Thanks Sharlanna, yes, we must take those breaks from sitting for a long period of time working on our computers. I had carpal tunnels years ago and B6 helped me tremendously! A co-worker of mine was going for surgery but after taking her B6 for a month she canceled it and was fine. I’m a big believer in that and I’m sure massage therapy feels good too! Thanks for your input and have a great day ahead.

  • Nitin Dabas says:

    Hi Lisa,
    I heard a lot about the effects caused bad posture who works daily 8-9 hours in front of the computer screen. Taking some break and exercise routine can help in getting rid of the most common back pain problems.
    Thanks for sharing such nice information.

  • Noman Sarwar says:

    As a content manager, i daily spend 4 to 6 hours in front of the screen. I take regular breaks and use basic stretches to avoid posture problems and improve focus on work.
    Posture tips share in the article are worthy as well.

    • Lisa says:

      Hi Noman, is that all? That’s great that you can keep your time down in front of the screen on sitting for those periods of time. Taking breaks is really key and I have to try hard to remember to 🙂 Thanks for coming by and have a wonderful weekend.

  • Sanjeev P says:

    I must admit that I am guilty of working for long hours without paying too much attention to posture. Working from home has meant working from the bed, couch… just about anywhere in all sort of weird positions. Thankfully haven’t had any problems until now, but this is an eyeopener. Must try the standing desk and see how it goes and maybe get a good quality office chair sometime soon.

    • Lisa says:

      Hi Sanjeev, I was the same way! For many years too. But now I think about it a lot as it does affect my health and then my business. Hoping this will help in the future. Thanks for coming by and have a great day!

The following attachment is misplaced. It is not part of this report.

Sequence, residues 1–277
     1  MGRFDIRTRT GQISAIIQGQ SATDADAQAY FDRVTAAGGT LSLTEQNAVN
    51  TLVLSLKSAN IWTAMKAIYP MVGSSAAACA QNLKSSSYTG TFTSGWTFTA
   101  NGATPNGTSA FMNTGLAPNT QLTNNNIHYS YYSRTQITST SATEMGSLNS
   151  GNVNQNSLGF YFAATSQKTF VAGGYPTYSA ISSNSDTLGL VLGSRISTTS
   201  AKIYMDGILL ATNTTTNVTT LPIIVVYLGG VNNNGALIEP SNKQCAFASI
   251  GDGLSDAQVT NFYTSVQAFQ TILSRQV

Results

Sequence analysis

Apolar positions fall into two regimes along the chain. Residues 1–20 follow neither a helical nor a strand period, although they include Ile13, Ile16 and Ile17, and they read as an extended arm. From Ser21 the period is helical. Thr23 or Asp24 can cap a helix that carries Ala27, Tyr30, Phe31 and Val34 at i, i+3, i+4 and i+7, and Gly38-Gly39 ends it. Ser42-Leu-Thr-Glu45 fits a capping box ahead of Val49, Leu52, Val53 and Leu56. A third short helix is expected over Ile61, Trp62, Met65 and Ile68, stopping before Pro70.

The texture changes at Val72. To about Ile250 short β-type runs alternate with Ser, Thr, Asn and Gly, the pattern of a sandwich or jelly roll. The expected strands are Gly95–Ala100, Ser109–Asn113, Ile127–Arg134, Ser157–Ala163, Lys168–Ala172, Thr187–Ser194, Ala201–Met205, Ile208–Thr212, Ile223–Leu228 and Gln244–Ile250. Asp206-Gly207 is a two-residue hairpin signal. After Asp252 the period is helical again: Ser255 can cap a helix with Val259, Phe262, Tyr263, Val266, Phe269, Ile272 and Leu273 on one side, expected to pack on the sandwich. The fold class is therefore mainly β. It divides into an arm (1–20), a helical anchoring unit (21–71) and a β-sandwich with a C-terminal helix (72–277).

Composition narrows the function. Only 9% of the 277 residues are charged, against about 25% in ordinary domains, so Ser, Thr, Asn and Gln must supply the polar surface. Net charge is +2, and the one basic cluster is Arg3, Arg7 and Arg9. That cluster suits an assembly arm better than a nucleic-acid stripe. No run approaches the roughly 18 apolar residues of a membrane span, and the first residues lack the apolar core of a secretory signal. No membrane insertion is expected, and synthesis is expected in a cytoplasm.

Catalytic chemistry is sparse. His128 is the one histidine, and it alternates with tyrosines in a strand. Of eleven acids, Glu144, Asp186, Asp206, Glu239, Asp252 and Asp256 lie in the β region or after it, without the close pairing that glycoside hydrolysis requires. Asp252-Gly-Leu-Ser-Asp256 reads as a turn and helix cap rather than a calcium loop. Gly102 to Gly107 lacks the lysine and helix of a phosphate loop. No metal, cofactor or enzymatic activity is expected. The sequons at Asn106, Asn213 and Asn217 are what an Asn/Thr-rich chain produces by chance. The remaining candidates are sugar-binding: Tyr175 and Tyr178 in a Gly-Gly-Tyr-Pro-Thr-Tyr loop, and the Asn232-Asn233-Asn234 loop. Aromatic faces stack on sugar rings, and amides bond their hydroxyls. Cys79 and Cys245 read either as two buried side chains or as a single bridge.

• Hi Lisa,

    WHOA…18 years? Nuts. I literally, every single day, spend 1/6th of the day managing my energy by meditating, doing Kriya yoga, doing yin yoga, and power walking. Every one of those 4 hours collectively is about energy-flow, posture, balance and overall wellness, because I do spend mucho time sitting and typing. The chair tips about are super helpful. I need to find a good travel chair that folds up, that I can take from location to location.


    • Lisa says:

      Yes, isn’t that crazy Ryan? To think we spend 18 years sitting down. You do get in a lot of walks and exercise! I bet there is one. I’ll have to let you know what I find Ryan for a travel chair – a great idea! I’m working on not sitting down for so long at a time. This year really taught me that with my back issues. Thanks for coming by and have a wonderful weekend (Halloween) ahead!

  • Hope says:

    I encourage people to get off from their desks every two hours to walk around for five minutes. It really helps to release those pressure points in the back, bottom and legs. I have felt better since I started taking those short breaks. Another thing I do is to get off my desk for at least an hour and half exercise every day. Even if I have to watch a video or listen to an audio book, I can schedule those around my exercise time when doing it at home. Exercise helps improve circulation and releases stress. Having a good chair as you suggest here with head rest and lumbar support is great. Also, sitting as close to 90 degree angle with feet resting flat on the floor are things to consider providing you get up and walk. This goes for the parents as well as the kids since most of them are also studying remotely. My son complained of neck pain and I replaced his study chair with one that has a head rest. He loves it and now feel better. Thanks for the post.